[Cerowrt-devel] dnsmasq CVEs

Dave Taht dave at taht.net
Mon Oct 9 13:33:05 EDT 2017

Mikael Abrahamsson <swmike at swm.pp.se> writes:

> On Sat, 7 Oct 2017, valdis.kletnieks at vt.edu wrote:
>> Know how x86 people complain that SSM mode introduces jitter?

I'm a really jitter-sensitive person. my life is warped by trying to
achieve hard realtime (meaning - *0* missed deadlines in a variety of
OSes and products - everything from rockets to brakes, to medical and
safety systems to DAW's like "ardour.org"). Achieving hard deadlines
below 5ms in modern processors and OSes is incredibly difficult.

Everyone (else) seems willing to sacrifice a little latency here or
there for their special feature - power management, SSM, sidechannel
uploads to various government agencies, whathaveyou.

In walking down the street, dodging the smart cars...

I try really hard to not think about all the stuff out there that works
correctly only 99.9999% of the time, but I still perpetually flash on
Monty Python's character of "Mr Bledsoe", who explodes after adding on
one additional wafer thin mint, everytime I learn of some new "feature"
in some chip, that costs latency and/or jitter, that you cannot control.

Anyway, my larger point is, a reason why we are seeing this explosion of
dedicated processors for various things is that the main cpus - even
with a ton of cores on die - can no longer reliably meet hard RT
deadlines, and either you try to make a really complicated OS (linux) do
RT within that flakyness - or you graft on the needed features - like,
ugh - a web server - on a harder RT os running on a dedicated chip.

I'd like good harder-rt performance to become a priority again on
mainstream cpus.

For example, I'd have a dedicated i and d-cache for interrupt handling.

(I mentioned the mill on this thread. Interrupt context switch is 3-5
clocks, vs 1000s for intel. I also get a kick out of the propeller
architecture - one cpu per I/O)

>> That's just the
>> tip of the iceberg.  Believe it or not, there's an entire IPv4/IPv6 stack *and
>> a webserver* hiding in there...
>> https://schd.ws/hosted_files/ossna2017/91/Linuxcon%202017%20NERF.pdf
>> Gaak.  Have some strong adult beverage handy, you'll be needing it....
> Also see the wifi processor remote exploit that Apple devices (and others I
> presume) had problems with.
> Mobile baseband processors behave in the same way, and also have their own
> stack. I have talked to mobile developers who discovered all of a sudden the
> baseband would just silently "steal" a bunch of UDP ports from the host OS and
> just grab these packets. At least with IPv6, the baseband can have its own IPv6
> address, separated from the host stack IPv6 addreses.
> Just to illustrate (incompletely) what might be going on when you're tethering
> through a mobile phone.
> Packet comes in on the 4G interface. It now hits the baseband processor (that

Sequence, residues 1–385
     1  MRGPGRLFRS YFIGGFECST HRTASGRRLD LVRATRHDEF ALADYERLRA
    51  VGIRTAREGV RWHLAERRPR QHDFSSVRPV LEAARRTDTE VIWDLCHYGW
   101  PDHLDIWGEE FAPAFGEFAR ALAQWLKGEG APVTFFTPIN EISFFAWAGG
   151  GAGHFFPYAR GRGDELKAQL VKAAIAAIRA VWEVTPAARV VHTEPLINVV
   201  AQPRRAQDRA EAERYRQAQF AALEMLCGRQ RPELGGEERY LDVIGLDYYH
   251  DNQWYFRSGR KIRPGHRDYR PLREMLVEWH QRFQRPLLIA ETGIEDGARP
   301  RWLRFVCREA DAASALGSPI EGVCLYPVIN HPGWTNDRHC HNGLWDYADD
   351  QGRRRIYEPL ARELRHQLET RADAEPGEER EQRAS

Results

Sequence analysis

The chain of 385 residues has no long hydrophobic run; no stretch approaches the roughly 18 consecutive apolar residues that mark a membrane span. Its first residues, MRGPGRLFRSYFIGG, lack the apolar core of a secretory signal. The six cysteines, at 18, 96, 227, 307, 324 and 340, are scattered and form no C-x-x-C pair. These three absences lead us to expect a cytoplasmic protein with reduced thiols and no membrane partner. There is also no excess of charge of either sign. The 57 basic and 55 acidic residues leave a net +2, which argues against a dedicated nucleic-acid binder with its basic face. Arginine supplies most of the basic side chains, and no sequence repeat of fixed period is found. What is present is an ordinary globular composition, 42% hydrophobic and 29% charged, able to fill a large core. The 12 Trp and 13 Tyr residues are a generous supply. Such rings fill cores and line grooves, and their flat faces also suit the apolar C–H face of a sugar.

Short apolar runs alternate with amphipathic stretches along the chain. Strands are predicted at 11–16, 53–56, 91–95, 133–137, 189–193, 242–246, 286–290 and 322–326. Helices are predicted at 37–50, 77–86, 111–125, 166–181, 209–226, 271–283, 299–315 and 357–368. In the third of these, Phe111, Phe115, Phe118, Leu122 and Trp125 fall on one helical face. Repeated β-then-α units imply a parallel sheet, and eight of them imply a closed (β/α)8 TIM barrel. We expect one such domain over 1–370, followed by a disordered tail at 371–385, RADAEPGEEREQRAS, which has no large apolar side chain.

> runs code), which might send the packet to either the host OS, or via an packet
> accelerator path (which the host OS might or not have a control plane into), and
> this accelerator runs code, and then it hits the wifi chip, which also runs
> code.
> So while the host OS programmer might see their host OS doing something, in real
> life the packet potentially hits at least three other things that run code using
> their own firmware. Also, these components are manufactured in factories, how do
> we verify that these actually do what they were intended to do, and not modified
> between design and production? How do we know the firmware we load is actually
> loaded and it's not intercepted and real time patched before execution? Oh,
> also, the OS is loaded from permanent storage, that is also running code. There
> are several talks about people modifying the storage controller (which also runs
> code of coutse) to return different things depending on usage pattern. So it's
> not safe for the OS to read data, check that it passes integrity checks, and
> then read it again, and execute. The storage might return different things the
> second time.
> I don't know that we as humanity know how to do this securely. I've discussed
> this with vendors in different sectors, and there's a lot of people who aren't
> even aware of the problem.
> I'd say the typical smartphone today probably has 10 things or more running
> code/firmware, all susceptable to bugs, all of them risked of even with exposed
> security problems, they're never going to be patched.
> So the IoT problem isn't only for "smart meters" etc, it's for everything. We've
> created devices that are impossible to verify without destroying them (sanding
> down ICs and looking at billions of gates), and in order to verify them, you
> need equipment and skills that are not available to most people.

This was a really good summary, thank you. A couple comments:

Bugs tend to accumulate at the edges between interfaces, also.

I don't actually make much difference between bugs and security bugs. At
the moment, I'm catching up on Brin's "Transparent society".

And for an example of one way forward, read larry niven's "safe at any speed".

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